In reference to my last entry on Type-A personalities being prone to POTS, isn't it ironic how people who once prided themselves on being in control can't even control their own bodies as a result of dysautonomia? How intellectually astute individuals develop an illness that causes brain fog and thus inhibits their ability to think clearly? How former dancers lose the feeling in their feet due to neuropathy? I am one of those people who have lost the things I once defined myself by. All these things ripped out from underneath me leave me feeling completely vulnerable and a little bit lost in life. Although I try my best not to, I find myself clinging to the past when I achieved things almost effortlessly. Now, each day can feel like an uphill struggle. In the words of my wise EP, "EVERYTHING is way out of whack." Well that's for sure. My body is incapable of functioning in the same capacity it was before and I just have to get used to it. It is a strange sensation to not feel my own feet, but I suppose something I will just have to live with. I used to be a perfectionist, so it is hard to accept not feeling my feet or the fact that there may not be a remedy for the problem. All these strange maladies caused by POTS leave me wondering: what's next? Dry eyes, numb feet, dizzy spells, tummy aches, sleepless nights--what's next?
Isn't it ironic how the things a person loves and uses to validate and define oneself can be snatched away in a heartbeat...I am immediately reminded of the Alanis hit from the '90's.
I suppose it's time to find a new niche for myself, one which accommodates these strange and incapacitating ailments...it is difficult to thrive in society when it is hard some days to even leave the house. The unpredictability of symptoms is perhaps the most frustrating aspect of dealing with chronic illness. I am tired of not being able to make plans with people, or plans to do anything for that matter because I don't want to be perceived as unreliable, flaky, or incompetent. Needless to say I am a bit worried that I won't be able to cut the mustard at a new job when I can barely remain conscious for a 45 minute job interview. My resume, cover letter and applications are immaculate and usually sufficient enough to land decent interviews, but after the interviews I am sure the employers wonder why I was so fidgety and couldn't sit still for long. Of course they are not aware of what's going on inside my body. And sometimes I wonder if maybe I am doing myself and a potential employer an injustice by even trying to work again when my symptoms can strike at anytime. I figure, I will never know if I can handle it unless I give it one more shot. I know I have some valuable skills to offer someone out there, but the conventional 9 to 5, be-on-time-and-ready-to-work thing doesn't sound too feasible for me at this point in time.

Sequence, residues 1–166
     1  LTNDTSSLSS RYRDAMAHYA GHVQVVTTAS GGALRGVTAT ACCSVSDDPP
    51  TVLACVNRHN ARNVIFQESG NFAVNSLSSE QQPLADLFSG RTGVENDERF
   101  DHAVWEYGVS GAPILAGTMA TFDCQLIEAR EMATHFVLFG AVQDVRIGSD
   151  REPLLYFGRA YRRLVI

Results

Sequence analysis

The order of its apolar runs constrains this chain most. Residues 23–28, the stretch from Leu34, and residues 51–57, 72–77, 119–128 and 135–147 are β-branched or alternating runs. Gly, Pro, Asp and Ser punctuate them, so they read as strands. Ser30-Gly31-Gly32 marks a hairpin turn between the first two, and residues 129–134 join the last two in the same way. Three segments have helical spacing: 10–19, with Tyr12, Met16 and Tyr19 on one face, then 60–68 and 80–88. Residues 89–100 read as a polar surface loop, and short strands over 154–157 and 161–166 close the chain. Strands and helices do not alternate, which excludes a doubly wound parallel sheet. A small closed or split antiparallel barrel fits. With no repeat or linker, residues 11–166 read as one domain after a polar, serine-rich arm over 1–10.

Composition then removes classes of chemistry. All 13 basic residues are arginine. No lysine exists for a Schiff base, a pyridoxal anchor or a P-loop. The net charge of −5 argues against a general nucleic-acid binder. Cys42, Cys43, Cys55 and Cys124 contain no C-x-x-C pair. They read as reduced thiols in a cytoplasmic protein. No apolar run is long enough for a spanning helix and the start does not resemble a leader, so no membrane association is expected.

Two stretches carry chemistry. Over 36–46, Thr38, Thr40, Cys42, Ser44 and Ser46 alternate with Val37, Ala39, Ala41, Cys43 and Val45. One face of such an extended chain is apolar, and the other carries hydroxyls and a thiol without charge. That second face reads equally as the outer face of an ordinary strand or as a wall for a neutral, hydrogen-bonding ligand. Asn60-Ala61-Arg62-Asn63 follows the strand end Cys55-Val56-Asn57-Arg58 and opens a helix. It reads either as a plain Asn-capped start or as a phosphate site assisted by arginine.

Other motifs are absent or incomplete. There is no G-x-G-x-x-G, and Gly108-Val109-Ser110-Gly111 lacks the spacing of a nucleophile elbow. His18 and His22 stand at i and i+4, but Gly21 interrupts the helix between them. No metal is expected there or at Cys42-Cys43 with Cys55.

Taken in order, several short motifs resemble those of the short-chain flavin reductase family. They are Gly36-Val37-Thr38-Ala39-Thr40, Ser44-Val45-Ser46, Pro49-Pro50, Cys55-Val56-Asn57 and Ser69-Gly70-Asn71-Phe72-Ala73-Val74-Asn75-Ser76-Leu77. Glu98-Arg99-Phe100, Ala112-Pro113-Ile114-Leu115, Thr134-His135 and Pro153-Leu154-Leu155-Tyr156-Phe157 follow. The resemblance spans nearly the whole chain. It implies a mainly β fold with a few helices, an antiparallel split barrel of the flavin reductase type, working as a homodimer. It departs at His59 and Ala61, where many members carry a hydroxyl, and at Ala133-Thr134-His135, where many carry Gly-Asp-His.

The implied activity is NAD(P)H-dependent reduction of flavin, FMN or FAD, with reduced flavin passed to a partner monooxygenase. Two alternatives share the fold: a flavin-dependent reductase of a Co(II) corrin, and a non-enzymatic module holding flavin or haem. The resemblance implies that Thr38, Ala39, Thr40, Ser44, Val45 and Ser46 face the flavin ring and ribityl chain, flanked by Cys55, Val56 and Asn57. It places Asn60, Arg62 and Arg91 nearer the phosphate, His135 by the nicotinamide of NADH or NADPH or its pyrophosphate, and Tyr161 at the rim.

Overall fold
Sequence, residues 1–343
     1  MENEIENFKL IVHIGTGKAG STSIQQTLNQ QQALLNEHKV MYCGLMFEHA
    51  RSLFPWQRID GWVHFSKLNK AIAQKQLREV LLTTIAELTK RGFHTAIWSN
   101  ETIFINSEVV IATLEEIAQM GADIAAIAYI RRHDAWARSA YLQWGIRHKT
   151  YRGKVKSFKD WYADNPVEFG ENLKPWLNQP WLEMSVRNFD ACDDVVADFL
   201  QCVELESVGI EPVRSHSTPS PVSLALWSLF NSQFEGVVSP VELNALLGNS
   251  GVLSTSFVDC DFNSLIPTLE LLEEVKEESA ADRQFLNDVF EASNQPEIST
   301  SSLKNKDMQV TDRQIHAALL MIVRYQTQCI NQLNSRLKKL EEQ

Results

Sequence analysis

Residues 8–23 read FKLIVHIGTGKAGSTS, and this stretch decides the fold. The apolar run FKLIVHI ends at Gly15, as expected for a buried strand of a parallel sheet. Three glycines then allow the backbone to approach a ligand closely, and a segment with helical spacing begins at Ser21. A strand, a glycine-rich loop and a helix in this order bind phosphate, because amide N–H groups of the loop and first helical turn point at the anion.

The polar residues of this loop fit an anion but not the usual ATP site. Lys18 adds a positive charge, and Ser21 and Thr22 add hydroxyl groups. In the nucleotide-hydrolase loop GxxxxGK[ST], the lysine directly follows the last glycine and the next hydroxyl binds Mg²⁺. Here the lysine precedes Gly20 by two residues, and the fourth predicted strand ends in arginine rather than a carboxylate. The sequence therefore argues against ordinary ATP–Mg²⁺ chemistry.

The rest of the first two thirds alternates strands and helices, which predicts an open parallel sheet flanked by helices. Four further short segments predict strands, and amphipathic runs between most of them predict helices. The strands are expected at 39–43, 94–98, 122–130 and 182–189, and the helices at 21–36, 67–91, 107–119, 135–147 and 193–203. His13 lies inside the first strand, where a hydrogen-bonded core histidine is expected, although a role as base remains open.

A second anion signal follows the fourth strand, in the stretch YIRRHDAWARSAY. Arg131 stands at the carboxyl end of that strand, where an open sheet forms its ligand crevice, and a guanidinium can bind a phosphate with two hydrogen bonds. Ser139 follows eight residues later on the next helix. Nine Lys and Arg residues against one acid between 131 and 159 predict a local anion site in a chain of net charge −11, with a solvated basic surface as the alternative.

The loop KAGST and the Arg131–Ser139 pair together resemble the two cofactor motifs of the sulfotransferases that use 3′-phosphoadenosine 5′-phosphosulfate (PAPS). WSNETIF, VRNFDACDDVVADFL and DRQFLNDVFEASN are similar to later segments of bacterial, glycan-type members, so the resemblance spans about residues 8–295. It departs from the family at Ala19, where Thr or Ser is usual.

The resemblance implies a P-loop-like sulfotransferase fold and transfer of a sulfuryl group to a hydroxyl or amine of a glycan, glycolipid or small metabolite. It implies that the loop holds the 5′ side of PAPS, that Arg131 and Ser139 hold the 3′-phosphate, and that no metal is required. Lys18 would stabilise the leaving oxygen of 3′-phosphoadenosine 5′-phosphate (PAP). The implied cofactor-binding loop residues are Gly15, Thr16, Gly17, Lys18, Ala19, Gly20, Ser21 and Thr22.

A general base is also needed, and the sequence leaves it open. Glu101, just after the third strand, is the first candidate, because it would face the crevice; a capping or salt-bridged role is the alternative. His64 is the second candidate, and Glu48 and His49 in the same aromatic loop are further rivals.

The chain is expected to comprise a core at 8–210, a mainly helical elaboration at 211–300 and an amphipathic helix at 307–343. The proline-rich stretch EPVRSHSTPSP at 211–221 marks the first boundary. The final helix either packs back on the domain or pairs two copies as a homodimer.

In the meantime, I will continue to ride my recumbent bike, strengthen my legs and arms on weights, do some pilates, get in the best shape possible, and hope that someday soon my body will regain the strength, stability and stamina to be a productive and successful employee somewhere. My life lacks any sense of real balance right now. I spend a disproportionate amount of time at appointments that just leave me exhausted and full of more unanswered questions. I am striving to achieve some tangible balance in my life right now. I am making it a goal to accomplish at least one significant task each day, even on the bad days, and even if it takes me all day to do so. In my downtime I will be continuing to work on my personal fitness, nutrition, and of course, sleep.